In a win/loss interview, a customer might tell you why they chose you instead of one of your competitors. This helps you understand more about buyer behavior and the factors that drive buying decisions, but it also helps you learn more about your competitors’ products and what the market likes about them.

So with win/loss interviews, you learn more about both the market, and about your competitors, from a single source.

One can inform the other

Similarly, aggregated intelligence about multiple competitors informs you about larger scale market trends.

For example, you might study a number of direct or indirect competitors during the course of a competitive analysis. By studying multiple competitors, you might notice that the majority of them seem to be focusing more on a new type of feature.

How about an example?

Recently, it’s been difficult to escape news about AI. But even before GPT products were being released en masse, a savvy competitive intelligence practitioner might’ve been able to figure out the market was moving in that direction.

Imagine more competitors begin publishing articles about AI, speaking about AI at conferences and industry events, and publishing public job listings for AI and machine learning professionals.

Taken together, this is an early warning signal your competitors might be beginning to invest more in AI. Report signs like these to leadership and other stakeholder groups, so your organization can make fully informed business decisions.

Information about competitors can inform marketing strategies

While marketing practices like segmentation might not overlap with competitive intelligence all that much, your messaging and positioning strategies are best created in light of what you know about your competitors.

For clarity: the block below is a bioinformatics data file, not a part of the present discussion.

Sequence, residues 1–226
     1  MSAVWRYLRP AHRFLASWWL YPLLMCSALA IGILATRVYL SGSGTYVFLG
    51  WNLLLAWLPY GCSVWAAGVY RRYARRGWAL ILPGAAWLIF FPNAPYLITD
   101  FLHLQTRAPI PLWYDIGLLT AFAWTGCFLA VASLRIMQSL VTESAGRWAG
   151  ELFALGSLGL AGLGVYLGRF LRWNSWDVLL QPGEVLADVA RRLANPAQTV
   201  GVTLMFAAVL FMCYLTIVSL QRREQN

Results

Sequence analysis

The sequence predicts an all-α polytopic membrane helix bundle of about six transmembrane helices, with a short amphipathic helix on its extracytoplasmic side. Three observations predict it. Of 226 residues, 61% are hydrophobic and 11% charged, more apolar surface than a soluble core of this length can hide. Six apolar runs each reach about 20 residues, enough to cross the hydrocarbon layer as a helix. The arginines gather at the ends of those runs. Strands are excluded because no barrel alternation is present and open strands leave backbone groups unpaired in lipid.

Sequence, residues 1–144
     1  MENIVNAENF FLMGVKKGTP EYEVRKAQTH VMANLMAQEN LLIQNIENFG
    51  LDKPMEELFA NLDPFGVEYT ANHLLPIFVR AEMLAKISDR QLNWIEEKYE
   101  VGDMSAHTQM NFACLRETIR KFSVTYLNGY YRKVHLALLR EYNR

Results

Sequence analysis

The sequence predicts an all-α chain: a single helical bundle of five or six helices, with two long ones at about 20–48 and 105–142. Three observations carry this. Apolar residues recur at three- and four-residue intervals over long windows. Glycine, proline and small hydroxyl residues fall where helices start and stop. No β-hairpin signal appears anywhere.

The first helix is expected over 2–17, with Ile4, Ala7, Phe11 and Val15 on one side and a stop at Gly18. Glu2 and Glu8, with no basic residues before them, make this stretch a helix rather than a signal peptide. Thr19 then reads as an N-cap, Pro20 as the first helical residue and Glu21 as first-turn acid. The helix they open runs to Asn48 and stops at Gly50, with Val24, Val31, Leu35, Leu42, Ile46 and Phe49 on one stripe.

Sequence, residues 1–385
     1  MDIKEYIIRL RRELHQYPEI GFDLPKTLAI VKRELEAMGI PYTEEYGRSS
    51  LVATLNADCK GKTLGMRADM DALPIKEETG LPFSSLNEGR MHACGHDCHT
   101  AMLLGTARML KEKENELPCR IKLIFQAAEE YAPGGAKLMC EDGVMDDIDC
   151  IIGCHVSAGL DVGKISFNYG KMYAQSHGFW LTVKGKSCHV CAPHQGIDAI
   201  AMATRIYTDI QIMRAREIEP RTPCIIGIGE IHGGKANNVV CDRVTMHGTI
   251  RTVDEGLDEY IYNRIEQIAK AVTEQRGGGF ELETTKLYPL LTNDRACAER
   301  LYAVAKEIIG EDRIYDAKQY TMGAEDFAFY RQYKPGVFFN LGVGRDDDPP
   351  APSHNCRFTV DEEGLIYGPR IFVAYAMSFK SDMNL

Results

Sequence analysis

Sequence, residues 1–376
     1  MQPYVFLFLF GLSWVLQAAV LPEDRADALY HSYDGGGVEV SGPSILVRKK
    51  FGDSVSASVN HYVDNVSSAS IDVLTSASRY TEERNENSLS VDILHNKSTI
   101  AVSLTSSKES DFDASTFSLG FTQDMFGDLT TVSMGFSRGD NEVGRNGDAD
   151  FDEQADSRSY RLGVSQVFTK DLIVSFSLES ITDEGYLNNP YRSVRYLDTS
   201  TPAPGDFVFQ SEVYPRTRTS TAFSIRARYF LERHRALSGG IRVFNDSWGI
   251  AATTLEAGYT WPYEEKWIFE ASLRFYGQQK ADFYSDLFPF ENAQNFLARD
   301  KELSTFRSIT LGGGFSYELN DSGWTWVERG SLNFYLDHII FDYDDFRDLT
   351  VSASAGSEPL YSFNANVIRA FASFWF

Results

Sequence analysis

As Alex McDonnell, Director of Competitive Intel and Product Marketing at Airtable, puts it:

“There is no positioning without competitive positioning”.

Your competitors own at least some of your target audience’s “mind share”.


The Positioning Matrix: A Beginner’s Guide | CIA
What tools can you use to rapidly communicate your findings to internal stakeholders? And are there any tools that can inform your own competitive projects? Visual learners rejoice. The positioning matrix is here.


If your messaging and brand positioning ignore this fact, they’re far more likely to miss the mark. Acknowledge it, though, and you’ll be able to answer the unasked questions floating around in your prospects’ heads, and neutralize their doubts and concerns, even as they’re thinking them. This makes for far more effective competitive positioning.

The truth is, no matter how unique you think your product is, your prospects will find something to compare it to. Whether that comparison comes out in your favor or not is up to you.

Don’t passively position your product in direct competition with strong alternatives. Take charge of the narrative. Understand the competitive landscape, where alternatives are strong or weak, beloved or disliked; understand your own strengths and weaknesses in the eyes of your customers.

In short, position competitively.


Looking for the playbook on how to position competitively?

Grab your copy of the Competitive Positioning Playbook. It won't cost you anything, but here's some of what you'll take away:

No product is created in a vacuum

The Competitive Positioning Playbook teaches you...

👷 How to blend CI and customer research for a rock-solid positioning strategy.

🙅‍♀️ The three steps you must not skip in crafting competitive positioning.

🪛 A top-to-bottom tear down of the positioning process, and how CI fits in.

🏹 How to use competitive positioning to shatter your org’s revenue ceiling.

Interested? Click the button right now to check it out.

Give me more info!